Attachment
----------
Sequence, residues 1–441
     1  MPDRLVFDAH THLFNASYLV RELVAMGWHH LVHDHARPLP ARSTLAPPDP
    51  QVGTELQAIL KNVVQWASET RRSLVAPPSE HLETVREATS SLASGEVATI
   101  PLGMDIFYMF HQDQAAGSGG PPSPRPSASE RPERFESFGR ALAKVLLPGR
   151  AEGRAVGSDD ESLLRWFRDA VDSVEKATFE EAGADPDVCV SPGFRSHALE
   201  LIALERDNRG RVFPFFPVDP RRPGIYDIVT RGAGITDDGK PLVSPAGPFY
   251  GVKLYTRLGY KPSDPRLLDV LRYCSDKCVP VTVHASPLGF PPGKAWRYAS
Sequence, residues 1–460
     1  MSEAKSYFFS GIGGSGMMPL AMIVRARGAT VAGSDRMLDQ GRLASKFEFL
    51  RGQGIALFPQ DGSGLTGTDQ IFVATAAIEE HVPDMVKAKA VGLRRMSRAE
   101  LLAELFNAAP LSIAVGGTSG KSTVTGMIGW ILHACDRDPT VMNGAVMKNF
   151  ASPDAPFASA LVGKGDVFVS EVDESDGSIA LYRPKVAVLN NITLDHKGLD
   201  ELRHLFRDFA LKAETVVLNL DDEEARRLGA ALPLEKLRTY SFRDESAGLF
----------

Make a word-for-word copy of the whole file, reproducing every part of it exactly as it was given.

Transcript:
Sequence, residues 1–441
     1  MPDRLVFDAH THLFNASYLV RELVAMGWHH LVHDHARPLP ARSTLAPPDP
    51  QVGTELQAIL KNVVQWASET RRSLVAPPSE HLETVREATS SLASGEVATI
   101  PLGMDIFYMF HQDQAAGSGG PPSPRPSASE RPERFESFGR ALAKVLLPGR
   151  AEGRAVGSDD ESLLRWFRDA VDSVEKATFE EAGADPDVCV SPGFRSHALE
   201  LIALERDNRG RVFPFFPVDP RRPGIYDIVT RGAGITDDGK PLVSPAGPFY
   251  GVKLYTRLGY KPSDPRLLDV LRYCSDKCVP VTVHASPLGF PPGKAWRYAS
Sequence, residues 1–460
     1  MSEAKSYFFS GIGGSGMMPL AMIVRARGAT VAGSDRMLDQ GRLASKFEFL
    51  RGQGIALFPQ DGSGLTGTDQ IFVATAAIEE HVPDMVKAKA VGLRRMSRAE
   101  LLAELFNAAP LSIAVGGTSG KSTVTGMIGW ILHACDRDPT VMNGAVMKNF
   151  ASPDAPFASA LVGKGDVFVS EVDESDGSIA LYRPKVAVLN NITLDHKGLD
   201  ELRHLFRDFA LKAETVVLNL DDEEARRLGA ALPLEKLRTY SFRDESAGLF